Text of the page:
Baguio City

Mother, son fight to protect free speech during elections

Sherwin de Vera
Mother, son fight to protect free speech during elections

BONDING. Lawyer Maarin Makalintal-Cabato and son Paolo during a break in one of their volunteer campaign activities.

Maarin_Maggs Makalintal-Cabato

The high school student said he was disheartened, seeing the additional bureaucratic process imposed on volunteers.

BAGUIO CITY — For the next 30 days, 17-year-old Paolo Cabato does not have to worry about securing a permit from the Commission on Elections (Comelec) to do volunteer work, like prepare and serve lugaw (porridge) or hand out  campaign materials of Vice President and presidential candidate Leni Robredo.

The Grade 11 student from the Philippine Science High School Cordillera campus is among the eight petitioners asking the court to nullify Comelec Resolution No. 10732,.

The resolution orders volunteers to seek permission for any campaign activity under the COVID-19 pandemic’s “new normal”. 

On February 28, a Baguio court issued a Temporary Restraining Order on the resolution. On March 2, during a hearing for an extension of the TRO, Comelec-CAR agreed to a status quo as it asked Baguio Regional Trial Court, Branch 5, Presiding judge Maria Ligaya Itliong-Rivera to reset the hearing.

The judge extended the 72-hour Temporary Restraining Order (TRO) and set the hearing for April 4. 

Paolo said he learned in February about the resolution from his mother, lawyer Maarin C.S. Makalintal-Cabato, a member of the petitioners’ legal team.

The youth said he was disheartened, seeing the additional bureaucratic process imposed on volunteers.

Like other petitioners, Paolo believes the guidelines, particularly the provision requiring them to secure a permit for their campaign activities, trample on freedom of expression and assembly. 

Right to free speech

When his mom told him of the petition and asked if he would like to join “to show that the volunteers come from all walks of life, even young people who do not vote yet,” Paolo did not think twice.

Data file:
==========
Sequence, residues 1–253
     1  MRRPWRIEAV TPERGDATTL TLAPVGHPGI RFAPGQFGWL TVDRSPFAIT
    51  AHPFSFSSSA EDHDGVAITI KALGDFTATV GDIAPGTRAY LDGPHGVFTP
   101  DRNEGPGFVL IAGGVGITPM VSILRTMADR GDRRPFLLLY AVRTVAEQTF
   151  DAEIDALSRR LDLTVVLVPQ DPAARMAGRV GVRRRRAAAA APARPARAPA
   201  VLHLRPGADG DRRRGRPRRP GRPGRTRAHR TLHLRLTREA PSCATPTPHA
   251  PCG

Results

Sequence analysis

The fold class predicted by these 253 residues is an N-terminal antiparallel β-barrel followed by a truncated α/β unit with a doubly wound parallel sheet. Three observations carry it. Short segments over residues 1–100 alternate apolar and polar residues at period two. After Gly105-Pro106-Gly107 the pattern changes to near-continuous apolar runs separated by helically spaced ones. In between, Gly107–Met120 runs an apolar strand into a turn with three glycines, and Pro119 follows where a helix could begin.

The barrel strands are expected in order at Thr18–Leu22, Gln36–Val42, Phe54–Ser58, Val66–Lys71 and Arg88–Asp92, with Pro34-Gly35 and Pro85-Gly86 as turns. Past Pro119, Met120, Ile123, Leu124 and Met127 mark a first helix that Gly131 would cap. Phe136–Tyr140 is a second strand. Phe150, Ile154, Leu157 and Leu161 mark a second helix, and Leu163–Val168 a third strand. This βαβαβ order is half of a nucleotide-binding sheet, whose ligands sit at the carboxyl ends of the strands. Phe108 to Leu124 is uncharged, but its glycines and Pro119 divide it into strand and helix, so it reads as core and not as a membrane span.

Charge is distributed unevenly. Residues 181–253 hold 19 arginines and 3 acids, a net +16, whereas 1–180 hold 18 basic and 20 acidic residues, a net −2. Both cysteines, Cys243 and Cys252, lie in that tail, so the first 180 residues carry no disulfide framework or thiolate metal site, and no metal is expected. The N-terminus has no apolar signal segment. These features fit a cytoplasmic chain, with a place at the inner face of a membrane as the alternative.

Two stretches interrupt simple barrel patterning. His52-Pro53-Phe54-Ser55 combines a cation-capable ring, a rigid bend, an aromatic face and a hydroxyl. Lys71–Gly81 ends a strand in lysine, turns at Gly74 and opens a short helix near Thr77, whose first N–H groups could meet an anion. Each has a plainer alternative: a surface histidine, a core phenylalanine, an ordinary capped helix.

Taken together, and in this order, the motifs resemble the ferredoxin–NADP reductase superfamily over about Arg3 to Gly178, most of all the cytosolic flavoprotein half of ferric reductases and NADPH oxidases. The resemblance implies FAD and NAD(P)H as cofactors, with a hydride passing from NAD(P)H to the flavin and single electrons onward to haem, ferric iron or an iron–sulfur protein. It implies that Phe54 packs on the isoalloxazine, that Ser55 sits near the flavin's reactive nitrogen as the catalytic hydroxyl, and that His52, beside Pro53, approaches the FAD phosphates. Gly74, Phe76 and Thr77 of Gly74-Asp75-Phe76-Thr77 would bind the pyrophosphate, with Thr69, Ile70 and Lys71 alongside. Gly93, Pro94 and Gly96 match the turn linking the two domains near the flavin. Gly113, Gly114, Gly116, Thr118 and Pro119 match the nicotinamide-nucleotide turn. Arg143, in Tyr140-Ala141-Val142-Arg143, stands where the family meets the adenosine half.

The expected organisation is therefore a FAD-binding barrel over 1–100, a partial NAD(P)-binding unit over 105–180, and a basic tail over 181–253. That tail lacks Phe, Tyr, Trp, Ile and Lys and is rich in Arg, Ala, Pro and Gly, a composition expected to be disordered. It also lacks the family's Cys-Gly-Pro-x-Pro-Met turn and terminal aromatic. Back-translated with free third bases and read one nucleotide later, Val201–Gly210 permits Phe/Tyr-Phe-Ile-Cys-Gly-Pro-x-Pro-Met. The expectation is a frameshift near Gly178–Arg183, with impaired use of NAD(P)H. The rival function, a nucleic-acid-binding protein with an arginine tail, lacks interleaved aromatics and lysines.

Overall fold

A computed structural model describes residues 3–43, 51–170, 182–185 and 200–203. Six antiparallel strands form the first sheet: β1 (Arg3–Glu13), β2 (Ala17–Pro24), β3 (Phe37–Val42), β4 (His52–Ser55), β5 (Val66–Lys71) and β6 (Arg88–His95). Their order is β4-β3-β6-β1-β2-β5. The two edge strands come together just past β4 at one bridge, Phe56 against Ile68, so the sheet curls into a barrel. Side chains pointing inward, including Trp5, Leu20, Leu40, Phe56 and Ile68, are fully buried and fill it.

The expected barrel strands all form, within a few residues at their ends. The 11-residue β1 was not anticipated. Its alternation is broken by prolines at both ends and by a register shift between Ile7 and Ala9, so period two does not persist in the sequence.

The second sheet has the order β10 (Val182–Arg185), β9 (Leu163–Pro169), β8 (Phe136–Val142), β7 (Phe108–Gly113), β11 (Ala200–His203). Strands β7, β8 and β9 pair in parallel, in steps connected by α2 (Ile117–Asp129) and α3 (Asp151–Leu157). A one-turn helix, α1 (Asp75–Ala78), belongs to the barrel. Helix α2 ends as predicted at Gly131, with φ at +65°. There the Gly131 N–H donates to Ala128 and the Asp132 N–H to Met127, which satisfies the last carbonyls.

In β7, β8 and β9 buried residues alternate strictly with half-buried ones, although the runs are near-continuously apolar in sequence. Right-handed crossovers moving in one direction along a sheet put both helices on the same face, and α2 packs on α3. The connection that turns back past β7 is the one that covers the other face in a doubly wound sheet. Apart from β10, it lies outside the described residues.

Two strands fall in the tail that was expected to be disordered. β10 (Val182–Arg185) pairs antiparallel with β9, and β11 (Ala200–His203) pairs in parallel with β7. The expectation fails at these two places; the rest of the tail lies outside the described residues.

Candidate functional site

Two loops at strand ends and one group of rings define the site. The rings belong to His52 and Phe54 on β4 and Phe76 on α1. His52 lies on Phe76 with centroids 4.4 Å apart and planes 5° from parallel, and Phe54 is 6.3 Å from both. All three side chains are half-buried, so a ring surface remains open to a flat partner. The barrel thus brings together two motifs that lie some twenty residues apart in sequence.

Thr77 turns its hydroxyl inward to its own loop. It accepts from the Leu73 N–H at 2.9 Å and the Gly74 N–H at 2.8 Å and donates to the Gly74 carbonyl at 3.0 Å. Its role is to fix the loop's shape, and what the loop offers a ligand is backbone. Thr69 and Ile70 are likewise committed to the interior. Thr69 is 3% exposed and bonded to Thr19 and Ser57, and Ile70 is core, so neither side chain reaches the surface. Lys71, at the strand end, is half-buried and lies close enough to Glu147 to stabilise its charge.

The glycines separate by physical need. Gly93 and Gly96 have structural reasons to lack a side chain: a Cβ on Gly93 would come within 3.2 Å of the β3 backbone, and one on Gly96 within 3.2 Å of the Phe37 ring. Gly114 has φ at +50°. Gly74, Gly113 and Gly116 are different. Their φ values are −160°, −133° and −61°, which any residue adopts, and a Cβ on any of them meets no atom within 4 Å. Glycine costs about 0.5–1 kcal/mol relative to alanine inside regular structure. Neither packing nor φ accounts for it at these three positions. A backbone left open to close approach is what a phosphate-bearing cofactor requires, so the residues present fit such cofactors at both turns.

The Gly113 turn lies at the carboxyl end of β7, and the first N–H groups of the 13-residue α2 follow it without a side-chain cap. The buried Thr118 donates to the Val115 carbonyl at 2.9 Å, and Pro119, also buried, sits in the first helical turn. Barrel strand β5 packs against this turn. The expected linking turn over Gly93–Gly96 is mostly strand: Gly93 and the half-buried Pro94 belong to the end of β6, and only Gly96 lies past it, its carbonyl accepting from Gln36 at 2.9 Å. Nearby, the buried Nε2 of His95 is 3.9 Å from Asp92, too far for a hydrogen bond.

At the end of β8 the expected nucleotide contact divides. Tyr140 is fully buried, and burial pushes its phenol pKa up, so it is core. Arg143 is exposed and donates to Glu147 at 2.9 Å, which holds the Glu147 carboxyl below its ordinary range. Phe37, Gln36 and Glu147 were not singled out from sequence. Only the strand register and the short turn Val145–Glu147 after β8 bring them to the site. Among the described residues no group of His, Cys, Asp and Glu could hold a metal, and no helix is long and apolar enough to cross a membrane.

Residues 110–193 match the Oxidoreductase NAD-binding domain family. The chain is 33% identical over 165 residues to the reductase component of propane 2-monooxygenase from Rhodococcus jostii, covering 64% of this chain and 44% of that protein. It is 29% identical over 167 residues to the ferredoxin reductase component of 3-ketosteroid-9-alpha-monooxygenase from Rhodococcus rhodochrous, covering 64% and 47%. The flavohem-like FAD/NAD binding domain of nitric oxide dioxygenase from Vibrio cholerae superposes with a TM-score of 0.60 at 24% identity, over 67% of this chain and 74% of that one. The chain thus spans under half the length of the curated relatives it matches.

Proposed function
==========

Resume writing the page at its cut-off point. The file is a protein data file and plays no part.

“I joined this petition because the provisions on the COMELEC resolution make it harder for me and other volunteers to assemble and exercise our rights to free speech,” he said in his judicial affidavit. 

He firmly believes that rights guaranteed by the Constitution, like the freedom of speech and assembly, “should not be subject to a ‘permit’.” 

“My right to speak out in support of a candidate is guaranteed by the Constitution and should not be subject to a ‘permit,’ as if I need permission to speak my mind,” the 17-year-old petitioner said 

“Also, I have the right to attend a gathering. This should not be stopped by anyone, especially by a government office made to facilitate the democratic process of elections,” he added. 

Paolo said he may not be familiar with the legal terms in the petition, “but I do know that freedom of expression must be protected.” 


In an interview on February 28, lawyer Makalintal-Cabato said the poll body “expanded its rule-making powers” when it required volunteers to apply for a permit for their events. 

“The Omnibus Election Code states that permits for campaign activities are applied for by candidates and political parties, not by volunteers. By promulgating this resolution, they expanded their own governing law,” the lawyer explained. 

She said they have a permit from the local government for their activities, “but the requirement to get a Comelec Permit is an overreach.” –

Sherwin De Vera is a Luzon-based journalist and an awardee of the Aries Rufo Journalism Fellowship.